Photography by Melissa Cunningham

Before the pandemic, Teddy Georgia Waggy made her living as a custom tailor designing clothing mostly for other artists. She’s also a musician who fronts the Oak Cliff-based band Midnight Opera. The Oak Cliff native released a new video on Halloween, from spooky footage she filmed one year ago.

What were you doing before the coronavirus hit Dallas?

I had a full slate of fashion commissions. I was working on a small summer line. The week of the lockdown, I had recording sessions booked here at Elmwood Studio with my collaborator and fellow Oak Cliffer Sudie, and producer Alex Bhore, to track an EP of songs. Oh, and I was taking my first ever jazz dance class.

How has your life changed since then?

Life has become very slow, for the better. I was always working too much, always chasing financial stability, thinking I’d slow down and enjoy my friends and family only once I made enough money to earn the title of “adult”. But the loss of a loved one this spring mixed with the onset of a global economic depression forced me to stop chasing and just sit down. I realized the thing I was chasing might not exist, at least not how it has been sold to us.

What do you mean?

Artists my age specifically, we grew up with examples of what artistic success looks like that are nearly extinct now. I have no idea when I’ll get to perform for people again, so for now I’m just finding ways to let my inner chintzy pop star strut it out at home. And to enjoy my people and love them well while they’re here.

We love the lips mask that you make.

Thank you! That side hustle has actually been my main squeeze during the pandemic, and I’m super, super thankful for the work. My garment business has slowed down a bunch, with many of my clients being fellow artists and workers whose wallets got hit hard, and also because we’re all dressed up with nowhere to go for now.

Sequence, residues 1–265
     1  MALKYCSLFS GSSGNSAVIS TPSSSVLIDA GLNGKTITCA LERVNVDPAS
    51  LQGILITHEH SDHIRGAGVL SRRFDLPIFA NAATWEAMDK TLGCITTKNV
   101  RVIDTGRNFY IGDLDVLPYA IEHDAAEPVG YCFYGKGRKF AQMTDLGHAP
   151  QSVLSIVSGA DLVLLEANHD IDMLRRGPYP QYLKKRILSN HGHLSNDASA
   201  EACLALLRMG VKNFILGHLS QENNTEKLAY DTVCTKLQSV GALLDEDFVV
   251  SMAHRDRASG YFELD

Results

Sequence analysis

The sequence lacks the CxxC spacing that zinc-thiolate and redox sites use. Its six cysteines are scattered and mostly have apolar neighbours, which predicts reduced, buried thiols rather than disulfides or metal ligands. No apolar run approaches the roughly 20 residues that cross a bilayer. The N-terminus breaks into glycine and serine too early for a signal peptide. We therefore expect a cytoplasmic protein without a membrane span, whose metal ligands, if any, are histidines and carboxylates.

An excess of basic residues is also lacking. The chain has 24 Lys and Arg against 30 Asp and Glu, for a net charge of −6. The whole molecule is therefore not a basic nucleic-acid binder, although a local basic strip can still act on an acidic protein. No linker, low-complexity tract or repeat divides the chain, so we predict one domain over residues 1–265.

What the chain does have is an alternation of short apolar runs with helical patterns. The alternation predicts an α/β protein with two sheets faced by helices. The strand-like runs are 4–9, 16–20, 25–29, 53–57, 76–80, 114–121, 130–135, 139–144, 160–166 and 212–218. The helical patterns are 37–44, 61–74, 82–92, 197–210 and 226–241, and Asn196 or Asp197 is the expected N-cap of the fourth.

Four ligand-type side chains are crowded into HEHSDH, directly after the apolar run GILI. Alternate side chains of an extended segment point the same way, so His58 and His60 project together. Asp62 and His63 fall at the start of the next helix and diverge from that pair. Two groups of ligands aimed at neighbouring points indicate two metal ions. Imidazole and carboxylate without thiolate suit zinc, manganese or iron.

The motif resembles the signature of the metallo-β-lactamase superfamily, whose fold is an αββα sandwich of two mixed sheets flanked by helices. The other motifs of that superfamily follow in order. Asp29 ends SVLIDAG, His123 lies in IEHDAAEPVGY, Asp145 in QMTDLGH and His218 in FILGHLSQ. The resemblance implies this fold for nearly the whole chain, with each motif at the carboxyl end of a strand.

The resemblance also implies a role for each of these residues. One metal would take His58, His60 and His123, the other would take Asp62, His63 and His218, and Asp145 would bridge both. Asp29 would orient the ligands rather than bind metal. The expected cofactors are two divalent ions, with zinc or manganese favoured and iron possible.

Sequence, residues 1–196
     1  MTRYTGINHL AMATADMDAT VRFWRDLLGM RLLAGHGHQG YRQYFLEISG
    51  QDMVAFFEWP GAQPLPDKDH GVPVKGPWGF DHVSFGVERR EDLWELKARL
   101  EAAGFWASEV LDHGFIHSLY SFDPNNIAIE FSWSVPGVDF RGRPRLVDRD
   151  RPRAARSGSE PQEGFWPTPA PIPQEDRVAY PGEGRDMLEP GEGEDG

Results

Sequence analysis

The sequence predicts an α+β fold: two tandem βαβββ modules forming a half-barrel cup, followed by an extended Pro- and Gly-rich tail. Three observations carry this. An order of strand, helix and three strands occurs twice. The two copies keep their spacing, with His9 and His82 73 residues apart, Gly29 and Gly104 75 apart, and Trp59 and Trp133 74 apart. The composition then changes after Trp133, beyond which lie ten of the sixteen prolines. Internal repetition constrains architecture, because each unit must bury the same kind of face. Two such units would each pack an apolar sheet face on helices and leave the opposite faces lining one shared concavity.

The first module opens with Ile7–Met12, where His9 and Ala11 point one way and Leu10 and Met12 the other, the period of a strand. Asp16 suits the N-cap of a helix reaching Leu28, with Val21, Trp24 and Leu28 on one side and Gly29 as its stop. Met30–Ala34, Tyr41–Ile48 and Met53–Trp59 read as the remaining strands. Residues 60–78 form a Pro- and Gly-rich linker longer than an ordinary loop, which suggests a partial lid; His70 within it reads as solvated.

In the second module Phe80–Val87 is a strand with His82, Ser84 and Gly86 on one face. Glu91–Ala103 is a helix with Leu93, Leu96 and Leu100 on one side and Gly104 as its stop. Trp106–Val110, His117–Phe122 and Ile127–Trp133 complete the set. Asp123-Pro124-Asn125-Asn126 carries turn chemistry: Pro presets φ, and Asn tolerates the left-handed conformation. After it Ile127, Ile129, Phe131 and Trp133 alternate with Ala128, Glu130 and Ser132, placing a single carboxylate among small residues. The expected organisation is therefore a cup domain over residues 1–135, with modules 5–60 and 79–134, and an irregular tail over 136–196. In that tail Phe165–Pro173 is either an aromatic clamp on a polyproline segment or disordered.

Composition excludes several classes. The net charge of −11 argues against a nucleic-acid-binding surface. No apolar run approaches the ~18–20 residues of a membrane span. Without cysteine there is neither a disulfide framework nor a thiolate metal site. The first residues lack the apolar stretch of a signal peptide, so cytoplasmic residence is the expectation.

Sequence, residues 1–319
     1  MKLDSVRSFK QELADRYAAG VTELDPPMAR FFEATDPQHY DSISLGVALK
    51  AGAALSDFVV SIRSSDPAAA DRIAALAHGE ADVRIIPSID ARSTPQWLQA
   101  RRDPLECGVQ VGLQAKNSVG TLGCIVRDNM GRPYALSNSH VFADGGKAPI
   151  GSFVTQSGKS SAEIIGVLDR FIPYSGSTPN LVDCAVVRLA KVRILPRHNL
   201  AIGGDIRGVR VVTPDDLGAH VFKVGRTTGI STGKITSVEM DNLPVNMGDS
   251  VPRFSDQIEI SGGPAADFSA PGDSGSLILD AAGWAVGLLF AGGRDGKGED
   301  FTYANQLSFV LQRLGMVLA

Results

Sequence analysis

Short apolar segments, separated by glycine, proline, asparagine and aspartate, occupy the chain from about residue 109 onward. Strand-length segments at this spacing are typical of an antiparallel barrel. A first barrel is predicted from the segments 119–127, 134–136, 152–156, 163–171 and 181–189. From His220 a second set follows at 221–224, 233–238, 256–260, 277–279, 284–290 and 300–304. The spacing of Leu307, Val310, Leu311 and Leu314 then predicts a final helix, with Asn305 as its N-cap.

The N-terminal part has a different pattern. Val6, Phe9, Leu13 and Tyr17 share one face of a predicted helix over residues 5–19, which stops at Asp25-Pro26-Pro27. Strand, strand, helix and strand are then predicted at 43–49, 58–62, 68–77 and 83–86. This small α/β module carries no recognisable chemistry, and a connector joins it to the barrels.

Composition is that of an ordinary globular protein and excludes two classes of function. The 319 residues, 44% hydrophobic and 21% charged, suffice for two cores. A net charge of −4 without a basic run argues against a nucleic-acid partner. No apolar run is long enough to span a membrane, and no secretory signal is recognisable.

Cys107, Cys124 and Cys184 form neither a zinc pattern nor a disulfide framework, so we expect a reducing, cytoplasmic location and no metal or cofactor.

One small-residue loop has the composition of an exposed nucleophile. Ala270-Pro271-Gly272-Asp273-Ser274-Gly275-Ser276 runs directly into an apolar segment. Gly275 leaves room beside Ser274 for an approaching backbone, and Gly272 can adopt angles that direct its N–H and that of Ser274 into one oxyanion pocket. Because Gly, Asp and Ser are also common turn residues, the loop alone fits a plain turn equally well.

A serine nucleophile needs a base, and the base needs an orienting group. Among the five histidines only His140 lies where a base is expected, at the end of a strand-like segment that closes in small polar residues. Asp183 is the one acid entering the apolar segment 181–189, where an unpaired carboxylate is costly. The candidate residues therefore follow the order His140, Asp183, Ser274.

Tell us about the song you released in March, “Some Blues”.

I wrote, recorded and mixed it in 2018 in my home studio, and Sudie wrote and performed the backing vocals for it. At the time, the song was about how you can travel years away from the blast of a heartbreak and still sometimes grieve it like it happened yesterday. When the pandemic came and I had to cancel my recording session, I felt so deflated; I always wait to release music and art until I can afford to produce it professionally. Now waiting for the right time and enough money seems absurd when the future is so unknowable it might not even show up! I wanted to just do something. I remembered this song, and when I listened back, the lyrics took on totally new meaning. It became a song for that fear of an unknown future, and unknown enemies floating on air.

How have you spent your extra downtime?

I’ve been baking, reading, doing puzzles with my mom, walking, marching, reading, and most important, staring blankly into space unable to get out of bed.

What are you looking forward to?

Everything changing. Emerging from a year of hard growth, with wilder dreams to prove it. A reallocation of funds and ideas, away from “police officers” and towards “peace officers,” towards reducing inequity instead of reacting to its aftermaths. Less military gear, more mental wellness tools.

What are you worried about?

Nothing changing.

This interview has been edited for clarity and brevity.